Une Seule Nuit (also known as L'Hymne de la victoire or Ditanyè) is the national anthem of Burkina Faso. It was written by the former president Thomas Sankara and adopted in 1984, when the country adopted its present name, and replaced the Hymne Nationale Voltaïque, or national anthem of Upper Volta.
Captain Thomas Isidore Noël Sankara (December 21, 1949 – October 15, 1987) was the leader of Burkina Faso from 1983 to 1987. While noted for his personal charisma and praised for promoting health and women's rights, he also antagonized many vested interests in the country. He was overthrown and assassinated in a coup d'état led by Blaise Compaoré on October 15, 1987, sometimes believed to have been at the instruction of France.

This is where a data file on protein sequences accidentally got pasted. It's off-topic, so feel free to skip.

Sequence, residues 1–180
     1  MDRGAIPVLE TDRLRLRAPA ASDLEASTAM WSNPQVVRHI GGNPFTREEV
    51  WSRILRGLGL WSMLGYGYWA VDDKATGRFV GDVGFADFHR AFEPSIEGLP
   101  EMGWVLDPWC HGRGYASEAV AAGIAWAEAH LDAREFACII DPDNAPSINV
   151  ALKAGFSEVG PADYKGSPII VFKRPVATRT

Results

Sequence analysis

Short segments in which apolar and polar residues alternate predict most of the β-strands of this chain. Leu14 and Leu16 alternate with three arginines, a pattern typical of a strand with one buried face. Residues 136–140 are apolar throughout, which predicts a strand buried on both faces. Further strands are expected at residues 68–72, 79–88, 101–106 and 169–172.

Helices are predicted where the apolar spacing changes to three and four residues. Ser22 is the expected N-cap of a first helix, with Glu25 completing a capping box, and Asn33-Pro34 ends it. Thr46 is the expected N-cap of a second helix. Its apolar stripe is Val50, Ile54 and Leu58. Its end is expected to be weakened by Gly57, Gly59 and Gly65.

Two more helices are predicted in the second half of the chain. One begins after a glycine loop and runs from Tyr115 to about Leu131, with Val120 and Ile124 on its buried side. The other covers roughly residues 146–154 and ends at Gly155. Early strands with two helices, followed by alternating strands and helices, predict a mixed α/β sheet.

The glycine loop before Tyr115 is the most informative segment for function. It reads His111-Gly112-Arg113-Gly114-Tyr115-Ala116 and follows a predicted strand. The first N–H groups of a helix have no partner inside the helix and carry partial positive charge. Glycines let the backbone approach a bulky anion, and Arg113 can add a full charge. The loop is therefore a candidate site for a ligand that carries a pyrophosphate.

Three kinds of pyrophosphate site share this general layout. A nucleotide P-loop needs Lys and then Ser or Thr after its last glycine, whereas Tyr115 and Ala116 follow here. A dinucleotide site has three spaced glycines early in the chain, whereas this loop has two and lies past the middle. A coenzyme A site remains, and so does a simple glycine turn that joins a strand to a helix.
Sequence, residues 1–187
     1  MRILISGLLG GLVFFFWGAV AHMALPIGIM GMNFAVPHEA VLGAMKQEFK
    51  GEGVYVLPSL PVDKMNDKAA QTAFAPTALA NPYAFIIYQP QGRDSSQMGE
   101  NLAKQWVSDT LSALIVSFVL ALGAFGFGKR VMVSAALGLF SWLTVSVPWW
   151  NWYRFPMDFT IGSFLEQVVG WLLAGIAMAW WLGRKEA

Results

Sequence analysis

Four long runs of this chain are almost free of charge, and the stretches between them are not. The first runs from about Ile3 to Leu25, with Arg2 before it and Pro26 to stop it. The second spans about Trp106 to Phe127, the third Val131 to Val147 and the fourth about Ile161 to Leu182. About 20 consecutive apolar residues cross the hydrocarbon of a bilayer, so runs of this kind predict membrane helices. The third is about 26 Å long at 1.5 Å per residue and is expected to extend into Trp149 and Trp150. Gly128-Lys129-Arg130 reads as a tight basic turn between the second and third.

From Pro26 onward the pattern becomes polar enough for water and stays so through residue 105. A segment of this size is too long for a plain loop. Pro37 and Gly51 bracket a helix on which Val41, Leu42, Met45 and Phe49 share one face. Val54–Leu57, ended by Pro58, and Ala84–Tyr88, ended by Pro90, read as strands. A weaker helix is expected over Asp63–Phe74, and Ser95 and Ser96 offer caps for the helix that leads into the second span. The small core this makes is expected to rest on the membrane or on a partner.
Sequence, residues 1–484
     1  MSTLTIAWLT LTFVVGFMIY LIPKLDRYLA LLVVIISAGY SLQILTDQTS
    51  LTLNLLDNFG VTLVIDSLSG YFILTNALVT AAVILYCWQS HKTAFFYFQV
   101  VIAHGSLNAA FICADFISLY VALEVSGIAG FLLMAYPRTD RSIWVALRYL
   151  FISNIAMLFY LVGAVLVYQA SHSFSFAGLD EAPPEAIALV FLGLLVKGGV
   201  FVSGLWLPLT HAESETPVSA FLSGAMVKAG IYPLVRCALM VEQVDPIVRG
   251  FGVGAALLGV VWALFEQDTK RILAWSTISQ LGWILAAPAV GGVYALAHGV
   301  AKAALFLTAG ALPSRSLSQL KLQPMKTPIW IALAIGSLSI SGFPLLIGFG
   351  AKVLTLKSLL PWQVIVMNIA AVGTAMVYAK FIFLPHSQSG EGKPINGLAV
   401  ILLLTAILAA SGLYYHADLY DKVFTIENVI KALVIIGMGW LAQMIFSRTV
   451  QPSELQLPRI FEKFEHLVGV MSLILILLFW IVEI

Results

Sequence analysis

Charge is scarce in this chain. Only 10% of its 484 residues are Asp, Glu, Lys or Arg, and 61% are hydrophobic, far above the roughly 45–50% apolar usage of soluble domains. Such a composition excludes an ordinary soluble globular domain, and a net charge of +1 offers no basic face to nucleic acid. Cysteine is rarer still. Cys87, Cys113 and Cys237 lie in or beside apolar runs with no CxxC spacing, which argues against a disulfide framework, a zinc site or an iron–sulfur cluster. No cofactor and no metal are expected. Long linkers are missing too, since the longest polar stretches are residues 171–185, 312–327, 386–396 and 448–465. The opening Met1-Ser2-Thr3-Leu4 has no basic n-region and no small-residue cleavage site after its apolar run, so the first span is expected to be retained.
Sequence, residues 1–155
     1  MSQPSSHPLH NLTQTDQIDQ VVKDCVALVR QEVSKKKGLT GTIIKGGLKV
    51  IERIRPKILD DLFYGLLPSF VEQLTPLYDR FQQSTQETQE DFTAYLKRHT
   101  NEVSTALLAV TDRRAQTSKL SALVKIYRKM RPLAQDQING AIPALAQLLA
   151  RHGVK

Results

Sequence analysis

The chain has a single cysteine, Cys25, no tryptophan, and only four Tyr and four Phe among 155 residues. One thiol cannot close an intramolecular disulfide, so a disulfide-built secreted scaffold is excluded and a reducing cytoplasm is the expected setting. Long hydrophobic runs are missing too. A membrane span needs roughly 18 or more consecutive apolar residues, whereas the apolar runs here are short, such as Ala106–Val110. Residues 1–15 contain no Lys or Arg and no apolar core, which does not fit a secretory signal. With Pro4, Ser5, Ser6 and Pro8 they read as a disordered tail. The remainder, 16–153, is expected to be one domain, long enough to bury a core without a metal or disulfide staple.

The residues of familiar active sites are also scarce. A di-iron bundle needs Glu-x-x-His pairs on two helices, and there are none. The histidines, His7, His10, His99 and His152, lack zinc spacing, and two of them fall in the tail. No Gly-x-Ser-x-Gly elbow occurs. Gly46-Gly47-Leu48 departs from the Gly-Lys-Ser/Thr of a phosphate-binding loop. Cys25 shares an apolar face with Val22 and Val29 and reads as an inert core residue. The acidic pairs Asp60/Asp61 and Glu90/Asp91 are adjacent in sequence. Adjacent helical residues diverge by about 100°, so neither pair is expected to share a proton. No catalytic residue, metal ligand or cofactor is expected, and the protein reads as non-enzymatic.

A coup d'état organised by Blaise Compaoré made Sankara President on August 4, 1983, at the age of 33. The coup d'état was supported by Libya which was, at the time, on the verge of war with France in Chad.
Sankara saw himself as a revolutionary and was inspired by the examples of Cuba and Ghana's military leader, Flight Lt. Jerry Rawlings. As President, he promoted the "Democratic and Popular Revolution" (Révolution démocratique et populaire, or RDP).
The ideology of the Revolution was defined by Sankara as anti-imperialist in a speech of October 2, 1983, the Discours d'orientation politique (DOP), written by his close associate Valère Somé. His policy was oriented toward fighting corruption, promoting reforestation, averting famine, and making education and health real priorities.
In 1984, on the first anniversary of his accession, he renamed the country Burkina Faso, meaning "the land of upright people" in Mossi and Djula, the two major languages of the country. He also gave it a new flag and wrote a new national anthem (Une Seule Nuit).
The stamp above issued in 1984, features Sankara with his people on the background singing the national anthem. Parts of the lyrics are shown.